Published in 1994, this book gathers together a series of original studies on occupational socialization and the everyday realities of work. It includes detailed, empirically based accounts of a variety of occupational settings. Included are: social workers; trainee midwives; prison officers; accountants; teachers; psychiatrists; postgraduate research students. They all reflect the tradition of qualitative research that has been developed at Cardiff.
This book was originally published as part of the Cardiff Papers in Qualitative Research series edited by Paul Atkinson, Sara Delamont and Amanda Coffey. The series publishes original sociological research that reflects the tradition of qualitative and ethnographic inquiry developed at Cardiff. The series includes monographs reporting on empirical research, edited collections focussing on particular themes, and texts discussing methodological developments and issues.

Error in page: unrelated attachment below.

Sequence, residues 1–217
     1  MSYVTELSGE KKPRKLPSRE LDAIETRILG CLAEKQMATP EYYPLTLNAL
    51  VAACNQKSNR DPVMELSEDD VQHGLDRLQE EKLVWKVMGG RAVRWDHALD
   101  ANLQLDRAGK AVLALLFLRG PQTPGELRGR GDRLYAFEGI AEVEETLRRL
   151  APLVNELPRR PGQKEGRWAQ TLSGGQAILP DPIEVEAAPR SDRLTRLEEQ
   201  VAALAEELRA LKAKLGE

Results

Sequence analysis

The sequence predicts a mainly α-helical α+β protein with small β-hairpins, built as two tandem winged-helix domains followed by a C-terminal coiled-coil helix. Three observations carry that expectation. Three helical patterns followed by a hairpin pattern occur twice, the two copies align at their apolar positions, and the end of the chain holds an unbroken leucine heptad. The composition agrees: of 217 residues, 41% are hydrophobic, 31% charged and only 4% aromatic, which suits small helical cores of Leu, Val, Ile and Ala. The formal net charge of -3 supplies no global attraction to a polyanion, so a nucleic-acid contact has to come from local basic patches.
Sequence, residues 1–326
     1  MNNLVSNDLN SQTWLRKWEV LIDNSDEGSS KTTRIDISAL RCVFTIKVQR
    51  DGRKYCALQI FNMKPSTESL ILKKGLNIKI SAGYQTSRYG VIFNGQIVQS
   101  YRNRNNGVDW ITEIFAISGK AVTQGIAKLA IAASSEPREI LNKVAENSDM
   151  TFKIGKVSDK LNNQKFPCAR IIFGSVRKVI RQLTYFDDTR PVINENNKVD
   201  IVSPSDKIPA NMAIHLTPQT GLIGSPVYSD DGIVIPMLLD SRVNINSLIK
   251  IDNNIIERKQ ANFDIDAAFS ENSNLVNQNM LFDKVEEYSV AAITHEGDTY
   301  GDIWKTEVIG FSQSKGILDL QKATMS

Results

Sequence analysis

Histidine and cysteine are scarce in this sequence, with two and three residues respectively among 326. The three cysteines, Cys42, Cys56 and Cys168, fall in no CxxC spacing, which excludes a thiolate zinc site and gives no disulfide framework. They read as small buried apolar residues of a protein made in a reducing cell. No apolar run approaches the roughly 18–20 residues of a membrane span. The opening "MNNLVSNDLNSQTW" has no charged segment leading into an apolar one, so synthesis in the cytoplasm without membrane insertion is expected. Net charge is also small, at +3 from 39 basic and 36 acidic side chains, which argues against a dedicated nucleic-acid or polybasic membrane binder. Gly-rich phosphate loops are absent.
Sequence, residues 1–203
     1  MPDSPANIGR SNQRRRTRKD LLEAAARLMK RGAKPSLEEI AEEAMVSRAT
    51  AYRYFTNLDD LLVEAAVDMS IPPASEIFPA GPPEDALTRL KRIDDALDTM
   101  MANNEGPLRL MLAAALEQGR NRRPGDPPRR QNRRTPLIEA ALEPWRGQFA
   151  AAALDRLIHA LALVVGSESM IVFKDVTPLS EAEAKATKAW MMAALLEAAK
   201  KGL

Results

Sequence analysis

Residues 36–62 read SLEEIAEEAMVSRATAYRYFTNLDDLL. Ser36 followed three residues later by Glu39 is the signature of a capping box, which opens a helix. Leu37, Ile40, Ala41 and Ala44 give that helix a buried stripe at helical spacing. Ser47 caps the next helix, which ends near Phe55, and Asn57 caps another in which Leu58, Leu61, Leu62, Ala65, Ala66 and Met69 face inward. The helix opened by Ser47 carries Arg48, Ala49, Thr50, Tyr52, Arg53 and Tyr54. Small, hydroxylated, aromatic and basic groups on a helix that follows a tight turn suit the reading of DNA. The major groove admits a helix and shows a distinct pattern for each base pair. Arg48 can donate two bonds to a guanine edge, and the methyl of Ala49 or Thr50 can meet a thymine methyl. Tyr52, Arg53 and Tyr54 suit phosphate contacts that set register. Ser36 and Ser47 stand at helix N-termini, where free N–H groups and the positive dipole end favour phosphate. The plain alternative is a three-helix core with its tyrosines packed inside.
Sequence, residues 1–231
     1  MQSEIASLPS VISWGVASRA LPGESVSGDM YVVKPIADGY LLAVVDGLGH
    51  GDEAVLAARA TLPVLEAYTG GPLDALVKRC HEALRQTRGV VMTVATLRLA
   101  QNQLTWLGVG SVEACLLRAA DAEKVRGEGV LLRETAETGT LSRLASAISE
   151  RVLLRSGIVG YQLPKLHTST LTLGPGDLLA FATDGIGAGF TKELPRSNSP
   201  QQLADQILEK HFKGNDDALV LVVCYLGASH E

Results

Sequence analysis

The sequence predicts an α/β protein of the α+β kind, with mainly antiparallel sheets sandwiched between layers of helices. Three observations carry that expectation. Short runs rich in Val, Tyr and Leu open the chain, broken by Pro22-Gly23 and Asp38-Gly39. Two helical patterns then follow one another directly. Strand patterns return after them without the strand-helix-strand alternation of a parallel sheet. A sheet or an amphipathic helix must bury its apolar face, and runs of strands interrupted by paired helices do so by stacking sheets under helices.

Table of Contents
Introduction, Coffey, Atkinson. 1. The Happy Family: Learning Colleagueship in a Social Work Team, Pithouse. 2. Collective Responsibility and Individual Success: The Early Training Experience of Graduate Accountants. 3. Prison Officers and their Survival Strategies, Carter. 4. Retreat and Regroup: Occupational Boundaries of Teaching in a Special School, Todd. 5. ‘There is More than One Way to Kill a Cat’: Making Sense of Post-experience Professional Training, Salisbury. 6. Novices and Experts: Initial Encounters in Midwifery, Davies. 7. Reproducing Psychiatry, Bunton. 8. Suspended Between Two Stools: Doctoral Students in Higher Education, Delamont, Parry, Atkinson, Hiken.